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Sell Risk into the Know-Nothing Rally
10/12/2011 10:30 am EST
Investors betting heavily on expressions of political support are likely to end up disappointed, writes MoneyShow.com senior editor Igor Greenwald.
The fix is in, so the risk trade is back on. Across the planet, plunge-protection teams are making sure next year’s elections bring the desired continuity in government.
In this script, the losses of August and September were merely a pricey alarm clock that woke policymakers to the dangers of inaction. Properly motivated, they’ll give the markets what they want if only because the alternative is more protesters in the streets, and that lot is oh so hard to satisfy.
So, the best plan for saving Europe turns out to be to have the leaders of Germany and France swear bilingually that this chore will get done, and soon, while hoarding the details that might let critics pick apart the how.
If you simply must know how the $400 billion-euro rescue fund not yet approved will stretch to cover big-bank shortfalls and sovereign debt markets many times its size…well, OK. The German insurer Allianz is said to be developing a plan to turn it into a bond-insurance scheme, with the protection terms jiggered as need be to keep selling the debt of the overly indebted countries.
Feel better? I thought not. A lack of specifics is a feature, not a bug, in these treacherous times. Better to just take Angela Merkel and Nicolas Sarkozy at their word that they’ll figure it out over the next month. If European Union Commissioner Olli Rehn says the debt crisis can be resolved, that’s good enough.
The same dynamic is in play in China, which closed down for a week-long holiday amid talk that its property bubble was about to burst, talk backed up by signs of financial strain and a plunge in copper prices.
When markets reopened, Shanghai stocks promptly sank to a two-year low. But then a government investment fund started buying shares of the big Chinese banks, fueling a turnaround that pushed Shanghai 3% higher overnight.
The Chinese leadership is due for a cosmetic makeover next year, just like its counterparts in the US and France, and doesn’t fancy playing musical chairs amid popular unrest. Beijing’s market intervention has stoked hopes that the credit crackdown—implemented to keep prices in check—will now be relaxed.
Even in the US, cursed with a divided and dysfunctional government, there are reasons to hope for official help. The Senate’s rejection of President Obama’s jobs bill last night was a necessary pantomime setting the stage for piecemeal consideration of the elements that enjoy bipartisan support, such as tax cuts.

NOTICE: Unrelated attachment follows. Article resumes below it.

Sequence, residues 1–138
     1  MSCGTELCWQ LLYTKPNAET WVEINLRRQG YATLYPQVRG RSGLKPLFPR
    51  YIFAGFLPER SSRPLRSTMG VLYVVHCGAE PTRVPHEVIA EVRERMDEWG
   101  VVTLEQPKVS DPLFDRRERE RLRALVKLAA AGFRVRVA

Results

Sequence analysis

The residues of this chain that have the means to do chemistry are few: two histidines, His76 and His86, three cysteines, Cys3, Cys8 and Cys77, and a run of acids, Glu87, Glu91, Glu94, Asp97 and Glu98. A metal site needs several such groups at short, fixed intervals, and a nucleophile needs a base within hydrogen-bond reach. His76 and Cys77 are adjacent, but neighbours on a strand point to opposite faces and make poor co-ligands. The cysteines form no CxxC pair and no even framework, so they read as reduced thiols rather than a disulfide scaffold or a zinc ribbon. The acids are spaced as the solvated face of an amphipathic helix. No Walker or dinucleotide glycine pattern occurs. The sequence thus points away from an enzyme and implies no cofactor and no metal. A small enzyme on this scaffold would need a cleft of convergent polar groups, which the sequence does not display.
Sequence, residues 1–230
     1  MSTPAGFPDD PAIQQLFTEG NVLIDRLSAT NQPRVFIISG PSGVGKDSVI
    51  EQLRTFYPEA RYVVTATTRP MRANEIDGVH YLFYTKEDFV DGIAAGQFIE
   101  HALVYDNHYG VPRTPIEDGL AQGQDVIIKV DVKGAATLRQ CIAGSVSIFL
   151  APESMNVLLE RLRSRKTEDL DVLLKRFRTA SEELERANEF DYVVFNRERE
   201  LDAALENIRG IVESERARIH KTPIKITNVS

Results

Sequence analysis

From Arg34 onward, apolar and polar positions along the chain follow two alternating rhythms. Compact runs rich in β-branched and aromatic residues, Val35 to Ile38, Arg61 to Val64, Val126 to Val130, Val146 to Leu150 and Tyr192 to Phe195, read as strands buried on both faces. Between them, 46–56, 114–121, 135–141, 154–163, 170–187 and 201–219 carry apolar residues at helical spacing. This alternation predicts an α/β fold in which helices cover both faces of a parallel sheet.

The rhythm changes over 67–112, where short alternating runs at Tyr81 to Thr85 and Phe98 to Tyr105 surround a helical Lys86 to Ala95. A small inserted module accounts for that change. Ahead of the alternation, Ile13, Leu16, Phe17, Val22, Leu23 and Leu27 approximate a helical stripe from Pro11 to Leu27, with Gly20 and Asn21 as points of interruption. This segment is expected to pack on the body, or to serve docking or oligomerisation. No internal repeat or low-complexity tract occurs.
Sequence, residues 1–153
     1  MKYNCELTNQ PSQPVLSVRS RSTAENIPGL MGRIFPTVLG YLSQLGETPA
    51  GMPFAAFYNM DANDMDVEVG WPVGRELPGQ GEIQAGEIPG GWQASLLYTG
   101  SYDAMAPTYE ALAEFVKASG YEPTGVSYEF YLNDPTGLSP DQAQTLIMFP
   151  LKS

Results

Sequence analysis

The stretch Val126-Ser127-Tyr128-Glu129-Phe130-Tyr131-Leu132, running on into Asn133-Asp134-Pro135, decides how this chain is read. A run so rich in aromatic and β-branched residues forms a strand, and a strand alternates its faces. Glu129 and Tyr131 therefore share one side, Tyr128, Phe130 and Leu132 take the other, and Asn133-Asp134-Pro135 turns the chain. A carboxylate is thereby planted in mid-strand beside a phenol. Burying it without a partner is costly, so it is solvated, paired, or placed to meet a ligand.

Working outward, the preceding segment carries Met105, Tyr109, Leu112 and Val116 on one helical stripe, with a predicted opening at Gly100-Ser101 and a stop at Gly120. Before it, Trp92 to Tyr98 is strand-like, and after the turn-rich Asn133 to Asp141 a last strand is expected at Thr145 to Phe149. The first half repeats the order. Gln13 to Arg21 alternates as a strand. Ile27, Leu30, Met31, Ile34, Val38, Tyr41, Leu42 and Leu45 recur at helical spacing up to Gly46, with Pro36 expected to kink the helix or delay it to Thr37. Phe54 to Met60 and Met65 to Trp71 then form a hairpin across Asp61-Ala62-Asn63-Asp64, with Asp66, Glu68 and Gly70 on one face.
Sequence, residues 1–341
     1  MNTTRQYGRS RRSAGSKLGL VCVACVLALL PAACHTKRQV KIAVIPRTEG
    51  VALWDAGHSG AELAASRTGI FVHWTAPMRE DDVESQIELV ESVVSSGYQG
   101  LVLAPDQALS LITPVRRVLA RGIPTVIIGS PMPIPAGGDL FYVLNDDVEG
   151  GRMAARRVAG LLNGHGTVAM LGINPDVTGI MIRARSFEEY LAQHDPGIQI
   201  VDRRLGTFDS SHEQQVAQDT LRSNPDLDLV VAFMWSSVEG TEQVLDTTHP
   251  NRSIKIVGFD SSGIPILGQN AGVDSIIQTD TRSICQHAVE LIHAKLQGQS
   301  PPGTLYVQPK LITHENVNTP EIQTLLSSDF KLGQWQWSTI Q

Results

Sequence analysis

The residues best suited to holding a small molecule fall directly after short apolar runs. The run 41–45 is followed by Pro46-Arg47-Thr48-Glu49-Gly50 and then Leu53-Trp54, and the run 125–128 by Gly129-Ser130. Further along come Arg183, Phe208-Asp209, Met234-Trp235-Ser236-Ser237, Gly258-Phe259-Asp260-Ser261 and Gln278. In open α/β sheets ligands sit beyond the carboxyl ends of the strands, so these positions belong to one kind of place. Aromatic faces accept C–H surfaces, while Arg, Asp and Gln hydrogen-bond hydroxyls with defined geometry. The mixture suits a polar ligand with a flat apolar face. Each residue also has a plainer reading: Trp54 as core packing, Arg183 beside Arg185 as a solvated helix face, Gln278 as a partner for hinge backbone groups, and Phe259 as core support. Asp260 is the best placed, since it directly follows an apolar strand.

The congressional supercommittee charged with forging a long-term fiscal compromise by Thanksgiving has every incentive to avoid the alternative of sharp defense cuts and the expiration of temporary payroll tax breaks come January.
Better still, the gloomy sentiment that has stoked recession fears is being challenged by more recent signs of stability in other indicators of economic health.
Unfortunately, time might not be on investors’ side. A few more “better-than-expected” jobs reports like the one last week will mean a few hundred thousand more among the millions of the unemployed will become unemployable and discouraged.
Jan Hatzius, the chief economist at Goldman Sachs (GS), warned recently that stagnation in personal income, like the one we’re currently seeing, is a bad sign for the economy’s prospects in the fourth quarter and beyond.
It takes time for growing pessimism to worm its way into the production chain and spending habits. The National Federation of Independent Business reported a minor uptick in its monthly sentiment survey of small-business owners Tuesday, from suicidal to merely deeply depressed. But that was still an “ugly” number consistent with a recession, the poll noted.
It’s worth remembering that it will take a heroic amount of political horse trading merely to avert federal cuts that would impose ill-advised austerity by default if no deal gets done. And, of course, state and municipal governments will continue to swell the ranks of the unemployed regardless.
Markets like to climb walls of worry, but this one seems to be counting pretty heavily on competent support from the same governments that had it down 20% and in freefall as of a week ago. It’s also written off recession as a realistic danger. That seems premature.
A week ago, no one wanted to own risk. I’d sell some here now that there are buyers chasing it.
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